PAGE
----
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Rear Admiral Sanjay Misra, Director General of Naval Armament Inspection (DGNAI), was recently honored for his outstanding contribution to missile development. He received a special memento from the Secretary of DRDO (Defence Research and Development Organization) and the Missile Cluster in recognition of his remarkable work.

The memento presented to Rear Admiral Misra showcased the entire Agni missile family, including a mysterious addition – the Agni-5 MkII. This undisclosed missile has piqued the curiosity of defense enthusiasts and experts.

The Agni-5 MkII is an improved variant of the Agni-5 missile, and it represents a significant advancement in India’s missile technology. Its development is particularly noteworthy because it allows India to expand its strategic capabilities without drawing excessive attention from the international community.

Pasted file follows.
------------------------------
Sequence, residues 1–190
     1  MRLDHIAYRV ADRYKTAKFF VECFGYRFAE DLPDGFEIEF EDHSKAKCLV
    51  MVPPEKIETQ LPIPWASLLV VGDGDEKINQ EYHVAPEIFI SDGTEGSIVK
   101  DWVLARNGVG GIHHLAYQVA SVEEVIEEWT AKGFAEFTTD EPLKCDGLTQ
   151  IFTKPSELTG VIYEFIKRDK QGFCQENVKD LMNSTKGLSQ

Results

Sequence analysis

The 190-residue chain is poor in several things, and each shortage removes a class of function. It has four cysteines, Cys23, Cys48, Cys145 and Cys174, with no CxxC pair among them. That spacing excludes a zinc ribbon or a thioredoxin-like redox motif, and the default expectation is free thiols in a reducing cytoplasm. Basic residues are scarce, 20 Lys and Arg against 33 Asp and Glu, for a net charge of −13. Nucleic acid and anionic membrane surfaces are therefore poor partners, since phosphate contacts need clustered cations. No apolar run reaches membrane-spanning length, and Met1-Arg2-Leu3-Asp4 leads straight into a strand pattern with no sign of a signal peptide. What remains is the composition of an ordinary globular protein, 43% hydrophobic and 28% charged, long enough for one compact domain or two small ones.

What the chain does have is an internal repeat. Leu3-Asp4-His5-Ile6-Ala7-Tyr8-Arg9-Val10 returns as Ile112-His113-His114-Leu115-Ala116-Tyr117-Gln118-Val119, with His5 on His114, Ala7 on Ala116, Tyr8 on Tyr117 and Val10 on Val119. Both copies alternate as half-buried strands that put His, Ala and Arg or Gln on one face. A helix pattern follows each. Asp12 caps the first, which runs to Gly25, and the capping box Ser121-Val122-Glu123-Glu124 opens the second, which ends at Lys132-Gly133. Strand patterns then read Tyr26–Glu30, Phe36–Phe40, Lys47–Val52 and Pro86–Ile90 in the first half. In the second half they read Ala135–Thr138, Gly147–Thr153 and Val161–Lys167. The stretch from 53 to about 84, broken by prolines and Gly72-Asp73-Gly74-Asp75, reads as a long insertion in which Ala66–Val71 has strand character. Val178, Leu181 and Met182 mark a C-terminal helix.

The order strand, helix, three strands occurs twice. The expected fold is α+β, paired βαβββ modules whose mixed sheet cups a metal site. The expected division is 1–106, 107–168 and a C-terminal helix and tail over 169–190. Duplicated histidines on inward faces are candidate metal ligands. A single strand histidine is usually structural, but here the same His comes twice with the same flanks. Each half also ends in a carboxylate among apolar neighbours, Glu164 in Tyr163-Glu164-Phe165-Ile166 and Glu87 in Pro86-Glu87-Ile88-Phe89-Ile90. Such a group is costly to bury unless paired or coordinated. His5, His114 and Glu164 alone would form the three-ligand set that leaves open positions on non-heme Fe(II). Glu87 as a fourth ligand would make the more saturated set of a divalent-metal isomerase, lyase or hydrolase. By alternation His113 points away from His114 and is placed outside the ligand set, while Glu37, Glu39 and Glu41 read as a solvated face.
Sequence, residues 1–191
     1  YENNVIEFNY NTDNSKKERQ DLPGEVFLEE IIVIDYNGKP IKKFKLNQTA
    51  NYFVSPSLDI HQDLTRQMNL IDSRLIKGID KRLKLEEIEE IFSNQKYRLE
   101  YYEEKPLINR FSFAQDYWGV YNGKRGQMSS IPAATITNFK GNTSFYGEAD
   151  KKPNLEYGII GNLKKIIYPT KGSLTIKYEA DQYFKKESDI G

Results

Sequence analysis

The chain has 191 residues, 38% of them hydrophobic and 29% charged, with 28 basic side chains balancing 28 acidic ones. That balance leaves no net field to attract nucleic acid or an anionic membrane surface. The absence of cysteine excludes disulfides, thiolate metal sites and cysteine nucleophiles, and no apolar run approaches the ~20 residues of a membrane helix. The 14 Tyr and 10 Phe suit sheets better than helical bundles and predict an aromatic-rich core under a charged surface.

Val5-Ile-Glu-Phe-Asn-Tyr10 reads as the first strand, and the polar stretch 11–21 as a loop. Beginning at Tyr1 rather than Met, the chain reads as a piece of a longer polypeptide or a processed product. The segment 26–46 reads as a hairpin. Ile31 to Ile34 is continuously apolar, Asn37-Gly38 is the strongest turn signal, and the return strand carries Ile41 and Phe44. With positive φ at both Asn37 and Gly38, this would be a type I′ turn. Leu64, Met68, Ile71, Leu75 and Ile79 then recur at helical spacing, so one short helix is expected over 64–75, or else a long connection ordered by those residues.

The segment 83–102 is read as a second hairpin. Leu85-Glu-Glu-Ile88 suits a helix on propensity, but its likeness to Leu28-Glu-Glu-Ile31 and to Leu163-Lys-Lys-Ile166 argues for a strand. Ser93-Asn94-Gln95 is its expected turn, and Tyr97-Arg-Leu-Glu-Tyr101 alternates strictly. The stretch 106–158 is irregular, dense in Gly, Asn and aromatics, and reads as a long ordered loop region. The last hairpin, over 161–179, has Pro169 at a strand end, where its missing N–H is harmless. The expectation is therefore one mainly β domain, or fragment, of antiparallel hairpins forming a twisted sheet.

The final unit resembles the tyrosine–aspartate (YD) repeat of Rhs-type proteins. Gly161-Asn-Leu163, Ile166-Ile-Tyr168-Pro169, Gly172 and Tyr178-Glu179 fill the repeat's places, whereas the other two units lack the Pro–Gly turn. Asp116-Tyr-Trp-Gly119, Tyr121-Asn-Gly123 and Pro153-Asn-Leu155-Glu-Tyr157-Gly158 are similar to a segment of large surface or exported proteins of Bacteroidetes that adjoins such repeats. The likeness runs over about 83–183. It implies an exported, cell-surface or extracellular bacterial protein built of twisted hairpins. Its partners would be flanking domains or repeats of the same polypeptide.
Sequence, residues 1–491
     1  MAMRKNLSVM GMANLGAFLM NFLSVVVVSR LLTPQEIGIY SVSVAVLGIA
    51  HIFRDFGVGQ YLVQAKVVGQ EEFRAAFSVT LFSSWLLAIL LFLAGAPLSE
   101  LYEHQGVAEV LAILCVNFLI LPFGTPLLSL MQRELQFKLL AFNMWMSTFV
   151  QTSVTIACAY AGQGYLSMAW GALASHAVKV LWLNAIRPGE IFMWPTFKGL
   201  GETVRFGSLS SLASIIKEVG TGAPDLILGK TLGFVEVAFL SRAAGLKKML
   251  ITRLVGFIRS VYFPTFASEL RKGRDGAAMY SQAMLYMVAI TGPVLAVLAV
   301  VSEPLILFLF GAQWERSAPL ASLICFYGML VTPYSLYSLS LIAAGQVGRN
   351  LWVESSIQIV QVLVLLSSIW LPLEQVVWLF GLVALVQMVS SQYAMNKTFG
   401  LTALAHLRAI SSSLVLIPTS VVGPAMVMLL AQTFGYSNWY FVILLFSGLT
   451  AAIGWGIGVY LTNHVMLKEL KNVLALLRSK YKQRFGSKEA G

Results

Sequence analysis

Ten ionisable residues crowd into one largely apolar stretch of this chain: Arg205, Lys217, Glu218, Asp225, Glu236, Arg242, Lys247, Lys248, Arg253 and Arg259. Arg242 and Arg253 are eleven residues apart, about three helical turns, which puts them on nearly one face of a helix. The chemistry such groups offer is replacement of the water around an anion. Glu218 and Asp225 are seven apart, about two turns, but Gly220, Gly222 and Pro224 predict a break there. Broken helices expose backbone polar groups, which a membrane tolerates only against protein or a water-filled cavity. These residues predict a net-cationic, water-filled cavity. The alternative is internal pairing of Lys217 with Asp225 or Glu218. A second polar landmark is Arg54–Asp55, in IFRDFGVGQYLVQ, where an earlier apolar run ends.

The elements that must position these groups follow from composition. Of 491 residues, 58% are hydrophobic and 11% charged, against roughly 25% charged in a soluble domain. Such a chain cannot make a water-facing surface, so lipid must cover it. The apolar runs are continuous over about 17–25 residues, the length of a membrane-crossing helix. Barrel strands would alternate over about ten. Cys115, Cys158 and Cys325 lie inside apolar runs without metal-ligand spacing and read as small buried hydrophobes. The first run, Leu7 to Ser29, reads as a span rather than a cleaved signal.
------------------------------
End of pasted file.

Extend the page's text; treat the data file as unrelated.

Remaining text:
Recent reports in the media have revealed that the Agni-5 MkII boasts several enhancements, including a 20% reduction in weight due to composite usage. This reduction has resulted in a launch mass of 40,000 kg and a payload capacity of 1,100 kg for nuclear warheads. With these specifications, the Agni-5 MkII can deliver a warhead to targets up to 7,000 km away.

The significance of this development lies in its strategic implications. The Agni-5 MkII’s extended range enables it to reach targets as far as 8,000-9,000 km with a lighter payload. This effectively negates the need for the previously planned Agni-VI, which had a range of 6,000 km with a similar payload.

The Agni-5 MkII’s capabilities offer New Delhi a more versatile and effective option for nuclear deterrence and strategic defense. By enhancing the Agni missile family with the MkII variant, India can bolster its security and defense posture in the Asia-Pacific region and beyond, without provoking undue international scrutiny.

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